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Dutch farmers’ organisations call for amendments to EU competition law

A symposium on EU competition law was held in Nijkerk, the Netherlands, on 18 March. About 200 participants turned up to discuss with expert speakers what role EU competition law could play in improving the position of producers in the food chain. The symposium was organised by various associations of Dutch pig farmers, poultry breeders, arable farmers and dairy farmers. One of them was the NMV, one of the two EMB member organisations in the Netherlands.

Anna Gerbrandy, lecturer in international and European law at the University of Utrecht, was of the opinion that the competition authorities in the Netherlands and the EU had to stop placing a one-sided emphasis on consumer interests. Instead they ought to focus on honest business practices along the entire food chain. The EU common agricultural market organisation must clarify the responsibilities of producer organisations, the limits of competition law and options for managing supply. The European Parliament is currently discussing the introduction of an exemption for producers from competition law, as called for by the Dutch EMB affiliate NMV, inter alia.  

Teun de Jong, President of the Dutch Arable Farmers’ Union NAV, backed this position and demanded that it should be possible for farmers to make arrangements in order to achieve equal standing in the food chain.

In this context Kees Schillemans, solicitor with the Allen&Overy law firm and member of the Board of the Dutch Association for Competition Law, explained the position of the Dutch competition authority NMa on the concentration of retail groups and their purchasing power. The only circumstance that justifies intervention by the NMa is an abuse of market position. Yet it is difficult to even establish such an abuse, according to Kees Schillemans. As long as there are strong buyers with enough competitors, in the view of the NMa low retail prices are nothing but advantageous for the consumer and therefore perfectly in order. An abuse of purchasing power was probably only conceivable if market players had a share in excess of 40 per cent and so could prevent new players from entering the market.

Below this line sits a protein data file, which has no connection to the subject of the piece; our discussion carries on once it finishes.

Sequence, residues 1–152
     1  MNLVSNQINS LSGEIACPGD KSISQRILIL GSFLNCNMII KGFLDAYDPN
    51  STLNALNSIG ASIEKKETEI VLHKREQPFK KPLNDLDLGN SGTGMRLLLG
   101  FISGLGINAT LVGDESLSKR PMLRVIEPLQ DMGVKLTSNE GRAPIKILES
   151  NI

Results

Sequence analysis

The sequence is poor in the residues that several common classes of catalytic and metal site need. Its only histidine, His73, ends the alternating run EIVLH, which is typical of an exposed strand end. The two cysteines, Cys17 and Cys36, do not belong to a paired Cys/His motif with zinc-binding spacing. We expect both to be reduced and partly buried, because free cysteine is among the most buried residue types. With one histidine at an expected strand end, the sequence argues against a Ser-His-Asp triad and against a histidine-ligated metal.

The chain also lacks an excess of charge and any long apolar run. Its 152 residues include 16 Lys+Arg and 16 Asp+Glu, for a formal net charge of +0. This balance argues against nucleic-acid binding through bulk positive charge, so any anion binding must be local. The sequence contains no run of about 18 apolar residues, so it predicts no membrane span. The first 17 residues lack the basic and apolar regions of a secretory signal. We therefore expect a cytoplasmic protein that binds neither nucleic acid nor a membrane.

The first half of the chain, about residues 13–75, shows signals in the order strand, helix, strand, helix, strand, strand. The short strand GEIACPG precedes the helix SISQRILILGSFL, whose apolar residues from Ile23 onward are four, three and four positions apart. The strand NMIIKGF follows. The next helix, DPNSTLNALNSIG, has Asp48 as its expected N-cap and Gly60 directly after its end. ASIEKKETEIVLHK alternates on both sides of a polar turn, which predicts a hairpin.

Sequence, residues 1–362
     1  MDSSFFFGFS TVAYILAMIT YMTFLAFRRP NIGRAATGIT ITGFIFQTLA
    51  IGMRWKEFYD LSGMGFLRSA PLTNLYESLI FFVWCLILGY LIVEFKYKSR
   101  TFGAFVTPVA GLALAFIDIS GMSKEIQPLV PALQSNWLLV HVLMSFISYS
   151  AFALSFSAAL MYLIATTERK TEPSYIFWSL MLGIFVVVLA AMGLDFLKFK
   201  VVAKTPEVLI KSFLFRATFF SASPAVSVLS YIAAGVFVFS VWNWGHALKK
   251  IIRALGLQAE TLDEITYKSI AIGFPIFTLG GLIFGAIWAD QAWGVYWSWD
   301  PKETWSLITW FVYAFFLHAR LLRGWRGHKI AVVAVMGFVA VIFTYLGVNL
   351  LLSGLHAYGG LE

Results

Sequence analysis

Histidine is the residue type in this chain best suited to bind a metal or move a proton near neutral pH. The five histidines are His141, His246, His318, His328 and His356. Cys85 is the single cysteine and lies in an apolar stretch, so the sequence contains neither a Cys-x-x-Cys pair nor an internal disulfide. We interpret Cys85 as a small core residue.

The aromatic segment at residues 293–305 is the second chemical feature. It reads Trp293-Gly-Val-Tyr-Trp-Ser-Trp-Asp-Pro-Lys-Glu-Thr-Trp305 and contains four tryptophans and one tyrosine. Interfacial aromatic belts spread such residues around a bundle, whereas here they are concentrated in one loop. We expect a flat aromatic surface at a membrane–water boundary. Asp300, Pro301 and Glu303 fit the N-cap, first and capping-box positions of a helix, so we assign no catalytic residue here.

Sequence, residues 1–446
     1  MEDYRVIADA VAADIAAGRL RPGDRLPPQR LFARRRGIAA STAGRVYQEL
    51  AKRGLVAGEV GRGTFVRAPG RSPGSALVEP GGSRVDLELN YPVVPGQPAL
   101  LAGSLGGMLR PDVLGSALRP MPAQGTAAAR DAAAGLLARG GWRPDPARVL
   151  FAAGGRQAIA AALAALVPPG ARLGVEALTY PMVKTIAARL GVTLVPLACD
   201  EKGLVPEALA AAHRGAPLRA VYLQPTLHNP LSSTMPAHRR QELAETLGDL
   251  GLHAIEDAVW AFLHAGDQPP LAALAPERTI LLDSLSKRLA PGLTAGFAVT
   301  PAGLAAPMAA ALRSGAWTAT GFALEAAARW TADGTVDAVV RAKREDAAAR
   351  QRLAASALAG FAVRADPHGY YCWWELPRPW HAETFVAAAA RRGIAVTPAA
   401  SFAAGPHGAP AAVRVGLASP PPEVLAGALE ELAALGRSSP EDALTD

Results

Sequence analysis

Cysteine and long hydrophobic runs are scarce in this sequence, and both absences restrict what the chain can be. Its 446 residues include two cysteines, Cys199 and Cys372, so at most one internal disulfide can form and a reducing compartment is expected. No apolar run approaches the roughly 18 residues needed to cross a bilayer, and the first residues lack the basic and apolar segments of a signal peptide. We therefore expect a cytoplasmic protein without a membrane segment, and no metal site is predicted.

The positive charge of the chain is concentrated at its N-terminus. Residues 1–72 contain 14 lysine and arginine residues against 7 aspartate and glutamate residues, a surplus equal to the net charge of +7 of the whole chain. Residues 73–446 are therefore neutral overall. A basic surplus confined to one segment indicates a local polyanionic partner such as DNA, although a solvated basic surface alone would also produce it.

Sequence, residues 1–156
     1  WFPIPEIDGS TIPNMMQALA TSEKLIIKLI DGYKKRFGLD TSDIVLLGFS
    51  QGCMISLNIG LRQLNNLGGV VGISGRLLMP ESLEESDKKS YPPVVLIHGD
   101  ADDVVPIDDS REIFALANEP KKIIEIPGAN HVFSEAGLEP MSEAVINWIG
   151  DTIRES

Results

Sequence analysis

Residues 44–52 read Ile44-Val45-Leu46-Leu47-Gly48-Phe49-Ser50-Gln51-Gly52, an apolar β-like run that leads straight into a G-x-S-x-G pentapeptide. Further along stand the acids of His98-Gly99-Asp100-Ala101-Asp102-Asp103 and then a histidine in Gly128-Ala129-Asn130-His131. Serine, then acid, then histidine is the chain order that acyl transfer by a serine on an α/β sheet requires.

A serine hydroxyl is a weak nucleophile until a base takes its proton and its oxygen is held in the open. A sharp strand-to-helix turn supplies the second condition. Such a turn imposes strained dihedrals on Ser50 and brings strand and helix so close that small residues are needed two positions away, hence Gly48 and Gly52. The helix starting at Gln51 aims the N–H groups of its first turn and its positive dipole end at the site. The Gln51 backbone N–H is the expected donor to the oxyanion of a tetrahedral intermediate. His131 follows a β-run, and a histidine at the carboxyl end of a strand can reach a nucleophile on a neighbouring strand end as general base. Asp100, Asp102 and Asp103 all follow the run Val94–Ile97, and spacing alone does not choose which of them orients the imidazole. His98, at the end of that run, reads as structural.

Anne Gerbrandy added that the prospects of producer organisations being exempt from competition law were favourable at present. The European Parliament was, she said, currently looking at exemptions in the dairy sector. If these legal provisions were created, the national competition authorities such as the Dutch NMa would also follow suit. And even if the regulations on an EU level were not sufficient, then the existing scope under national legislation would have to be exploited for initiatives not covered by EU competition law. 

Ria Besseling (NMV)

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Internet survey: voluntary delivery suspension is the quickest effective crisis instrument

The German agricultural magazine dlz agrarmagazin conducted a survey on its website, asking what measures were the quickest effective ones in the milk market’s crisis situations. Almost half the respondents, 48.1 per cent, backed the voluntary delivery suspension. 18.5 per cent regarded export subsidies, 7.4 per cent state intervention and 3.7 per cent private storage as the quickest effective measure in the event of a crisis in the milk market. 22.2 per cent of the respondents were unable to opt for any of the measures put forward.

Christian Schnier (EMB)

>

EMB Calendar

Please find below some of the most important events in April 2013:

  • 04.04.: Meeting with an advisor of the Czech permanent representation in Brussels

  • 04.04.: Meeting with the European Commission on milk production costs in Brussels

  • 09.04.: Meeting on the subject of milk pooling in Brussels

  • 10.-12.04.: Milk producers’ demonstration in Berchtesgaden, Germany

  • 15.04.: Milk producers’ day in Karow, Germany

  • 18.04.: CMS Competition conference 2013 in Brussels

Impressum

European Milk Board asbl
Rue de la Loi 155
B-1040 Bruxelles
Phone: +32 2808 1935
Fax: +32 2808 8265
E-Mail: office@europeanmilkboard.org
Website: http://www.europeanmilkboard.org